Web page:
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Article
Publication date: 1 January 1986

Thomas B. Hickey and Andrew M. Calabrese

OCLC has developed a CD‐ROM‐based system for the storage, distribution, and retrieval of documents. The system stores an ASCII copy of the text of the original document…

Abstract

OCLC has developed a CD‐ROM‐based system for the storage, distribution, and retrieval of documents. The system stores an ASCII copy of the text of the original document. It also stores page make‐up and font definition codes. These codes are used to control an inexpensive laser printer in the production of copies that closely resemble the original document. The authors discuss trends in the information equipment and printing industries that will govern the future application of this technology.

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Library Hi Tech, vol. 4 no. 1
Type: Research Article
ISSN: 0737-8831

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Article
Publication date: 1 August 1999

Andrew Calabrese

The prospect that technological and social innovation in the use of communication and information technologies are bringing about an end to sovereignty has been a source…

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Abstract

The prospect that technological and social innovation in the use of communication and information technologies are bringing about an end to sovereignty has been a source of optimism, pessimism and ambivalence. It has captured the popular imagination and it can be found in the anxieties of national leaders about the mingling and collision of cultures and cultural products within and across their borders, and about growing awareness that environmental threats bow to no flag. According to much of this discourse, national governments are becoming increasingly powerless in their battles against real or imagined plights of cultural imperialism (and sub‐imperialism, that is, cultural imperialism within states) and capital mobility, as well as in their efforts to effectively exercise political control through surveillance and censorship. The end of sovereignty is a theme in political discussions about new pressures brought on by global regimes of trade and investment, and by unprecedented levels of global criminal networks for drug trafficking, money laundering and trade in human flesh. Social movements and non‐governmental organizations (NGOs) have reflected this by recognizing the need to match the scale of the problems they confront with appropriately scaled collective action. This article examines the discourse about the end of sovereignty and therise of new institutions of global governance. Particular emphasis is given to how advancements in the means of communication have produced the ambivalent outcomes of threatening the democratic governance of sovereign states, and serving as foundations for the assertion of democratic rights and popular sovereignty on a global scale.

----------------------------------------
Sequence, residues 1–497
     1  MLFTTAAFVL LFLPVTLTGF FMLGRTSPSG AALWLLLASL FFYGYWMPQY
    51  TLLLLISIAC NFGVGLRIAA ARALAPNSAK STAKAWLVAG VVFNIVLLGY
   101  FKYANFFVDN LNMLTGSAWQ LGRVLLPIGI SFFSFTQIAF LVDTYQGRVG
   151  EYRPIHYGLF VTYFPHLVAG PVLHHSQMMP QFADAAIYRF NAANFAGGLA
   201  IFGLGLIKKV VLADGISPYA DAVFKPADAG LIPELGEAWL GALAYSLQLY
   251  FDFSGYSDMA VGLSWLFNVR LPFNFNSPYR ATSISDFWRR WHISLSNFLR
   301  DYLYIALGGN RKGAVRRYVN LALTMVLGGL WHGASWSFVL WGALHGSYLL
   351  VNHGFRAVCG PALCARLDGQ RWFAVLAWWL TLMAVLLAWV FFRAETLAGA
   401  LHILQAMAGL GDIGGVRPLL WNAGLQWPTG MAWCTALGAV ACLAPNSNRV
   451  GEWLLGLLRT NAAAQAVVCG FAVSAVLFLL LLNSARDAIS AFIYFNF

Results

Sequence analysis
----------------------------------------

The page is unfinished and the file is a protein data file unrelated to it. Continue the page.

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info, vol. 1 no. 4
Type: Research Article
ISSN: 1463-6697

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Book part
Publication date: 19 August 2016

Andrew S. Fullerton, Michael A. Long and Kathryn Freeman Anderson

Research on the social determinants of health demonstrates that workers who feel insecure in their jobs suffer poorer health as a result. However, relatively few studies…

Abstract

Research on the social determinants of health demonstrates that workers who feel insecure in their jobs suffer poorer health as a result. However, relatively few studies have examined the relationship between job insecurity and illegal substance use, which is closely related to health. In this study, we develop a theoretical model focusing on two intervening mechanisms: health and life satisfaction. Additionally, we examine differences in this relationship between women and men. We test this model using logistic regression models of substance use for women and men based on longitudinal data from the National Survey of Midlife Development in the United States. The results indicate that job insecurity is associated with a significantly higher probability of illegal substance use among women but not men. We interpret this as further evidence of the gendering of precarious employment. This relationship is not channeled through health or life satisfaction, but there is evidence that job insecurity has a stronger association with illegal substance use for women with poorer overall health.

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Research in the Sociology of Work
Type: Book
ISBN: 978-1-78635-405-1

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Article
Publication date: 20 March 2007

Andrew Calabrese

This paper provides a brief historical sketch of cable and telephone regulation in the USA, the purpose of which is to demonstrate the legacy that precedes contemporary

Abstract

Purpose

This paper provides a brief historical sketch of cable and telephone regulation in the USA, the purpose of which is to demonstrate the legacy that precedes contemporary debates over competing models of digital networks, and to question the justifications offered for regulating such networks as private property with no corresponding public service obligations.

Design/methodology/approach

The paper relies on historical research to examine the rationales that have been used for cable and telephone regulation, based on the use of legal documents (statutes, regulations, court rulings).

Findings

The historic justifications that have been used to protect telecommunications from competition amounts to what is known as “corporate welfare”. Today's cable and telephone networks, and the accumulated wealth of the corporations that own them, would not have been possible without the willingness of regulators to favor particular firms and business models, and to protect these firms from competition under the rationale that these networks are “natural monopolies”.

Originality/value

Today's digital networks have been built on the wealth and market dominance that was made possible by protection from competition and the guaranteed rates of return that regulation permitted. Consequently, the property rights that have been afforded to network owners should be accompanied by responsibilities, namely, in the form of public service obligations.

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info, vol. 9 no. 2/3
Type: Research Article
ISSN: 1463-6697

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Article
Publication date: 2 November 2020

Andrew F. Johnson, Beth M. Rauhaus and Kathryn Webb-Farley

Nonprofit organizations rely on earned income, government funding, charitable donations and investment income to support numerous programs and services for the public…

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Abstract

Purpose

Nonprofit organizations rely on earned income, government funding, charitable donations and investment income to support numerous programs and services for the public good. During times of crisis, such as the COVID-19 pandemic, some nonprofits become even more critical to provide for those in need, but the funding streams to support activities may be even more stressed. The purpose of this article is to understand how COVID-19 might affect the financial stability of nonprofits in the US.